It's an interesting question. I worked in drug enforcement for 12 years and have been in thousands of marijuana grows, and in all kinds of undercover, street-level situations. I've seen youth break into houses and cars and turn that money right into money to purchase, or turn those properties right into money to purchase, marijuana. I've stood right beside it when that's happened. I think there's a huge opportunity here to fix a lot of these issues.
I have great concerns about the home-grow challenges. From everything that I've seen over my time in policing, along with my colleagues who have a very similar background to mine, I have great concern about making it right for our youth. I read all the studies on Ontario and you can see the number of youth who are using marijuana. It's very clear, so we need to do something. This is another great opportunity to get it right.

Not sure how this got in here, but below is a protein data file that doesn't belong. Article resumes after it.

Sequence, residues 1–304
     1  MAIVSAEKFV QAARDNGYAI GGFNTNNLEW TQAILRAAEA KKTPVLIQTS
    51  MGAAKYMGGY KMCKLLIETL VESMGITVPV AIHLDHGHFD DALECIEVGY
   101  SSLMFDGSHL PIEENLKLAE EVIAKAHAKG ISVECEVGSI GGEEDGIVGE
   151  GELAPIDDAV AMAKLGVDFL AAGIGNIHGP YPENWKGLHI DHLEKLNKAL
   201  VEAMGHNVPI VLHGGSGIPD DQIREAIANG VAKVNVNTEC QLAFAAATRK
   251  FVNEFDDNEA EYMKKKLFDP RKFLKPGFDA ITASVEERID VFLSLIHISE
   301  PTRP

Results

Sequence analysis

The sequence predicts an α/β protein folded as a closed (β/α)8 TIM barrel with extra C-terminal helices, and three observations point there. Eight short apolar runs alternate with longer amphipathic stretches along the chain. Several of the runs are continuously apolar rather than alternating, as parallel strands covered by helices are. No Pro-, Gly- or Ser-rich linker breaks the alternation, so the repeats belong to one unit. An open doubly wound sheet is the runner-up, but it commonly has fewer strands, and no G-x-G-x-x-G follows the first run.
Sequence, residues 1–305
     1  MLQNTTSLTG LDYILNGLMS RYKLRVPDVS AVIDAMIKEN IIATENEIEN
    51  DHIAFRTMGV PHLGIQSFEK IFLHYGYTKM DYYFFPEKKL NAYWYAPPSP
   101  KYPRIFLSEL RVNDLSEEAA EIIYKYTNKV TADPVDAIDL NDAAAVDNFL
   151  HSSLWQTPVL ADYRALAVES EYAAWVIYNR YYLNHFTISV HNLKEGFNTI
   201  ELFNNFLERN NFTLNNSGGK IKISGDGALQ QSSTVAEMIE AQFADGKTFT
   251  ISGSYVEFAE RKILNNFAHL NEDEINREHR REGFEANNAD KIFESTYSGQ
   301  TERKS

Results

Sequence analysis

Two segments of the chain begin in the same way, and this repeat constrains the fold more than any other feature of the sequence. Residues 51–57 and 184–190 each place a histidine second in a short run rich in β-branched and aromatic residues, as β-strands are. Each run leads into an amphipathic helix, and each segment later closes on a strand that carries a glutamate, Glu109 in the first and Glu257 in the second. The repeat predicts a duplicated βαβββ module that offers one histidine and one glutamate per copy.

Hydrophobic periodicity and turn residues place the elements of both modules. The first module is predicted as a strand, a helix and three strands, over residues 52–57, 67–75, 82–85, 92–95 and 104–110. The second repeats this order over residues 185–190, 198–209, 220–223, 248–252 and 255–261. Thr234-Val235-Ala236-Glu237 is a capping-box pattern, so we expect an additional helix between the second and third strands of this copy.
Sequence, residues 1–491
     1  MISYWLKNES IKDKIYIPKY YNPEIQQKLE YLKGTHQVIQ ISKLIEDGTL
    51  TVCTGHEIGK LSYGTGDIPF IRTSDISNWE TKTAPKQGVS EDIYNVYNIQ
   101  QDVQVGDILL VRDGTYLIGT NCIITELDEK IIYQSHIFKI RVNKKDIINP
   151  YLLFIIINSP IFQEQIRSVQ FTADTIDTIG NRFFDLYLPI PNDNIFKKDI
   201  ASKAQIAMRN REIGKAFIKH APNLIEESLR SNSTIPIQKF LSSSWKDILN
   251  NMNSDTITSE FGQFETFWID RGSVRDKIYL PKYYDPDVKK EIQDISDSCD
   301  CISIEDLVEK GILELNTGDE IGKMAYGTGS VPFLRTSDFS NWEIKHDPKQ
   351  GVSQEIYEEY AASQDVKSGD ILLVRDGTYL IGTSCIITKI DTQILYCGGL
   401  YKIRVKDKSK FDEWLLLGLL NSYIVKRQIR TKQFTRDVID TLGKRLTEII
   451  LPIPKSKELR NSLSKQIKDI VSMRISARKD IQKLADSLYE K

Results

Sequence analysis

I have concerns about home-grows. I have concerns that organized crime is deeply involved in the medical marijuana system. I have a package that will show you this, in much more detail than when I spoke in my few minutes. We have a chance to get organized crime out of this, we really do, so we have to get the administration process low. We have to be streamlined and we have to make sure the inspection processes are detailed and thorough so we can eradicate organized crime from this problem.
I also hugely agree that if legislation is ready to go in July 2018, policing will not be ready to go August 1; it's impossible. The damage that can be done between the time of new legislation and police officers being ready to enforce the law in six months or a year can make it very hard for us to ever regain that foothold.
Those would be my concerns and cautions from my lived experience as a police officer on the streets working specifically in drug enforcement. I think we're very close. I agree that something had to change. This is a great step, but we have to do it right and do it slowly and properly.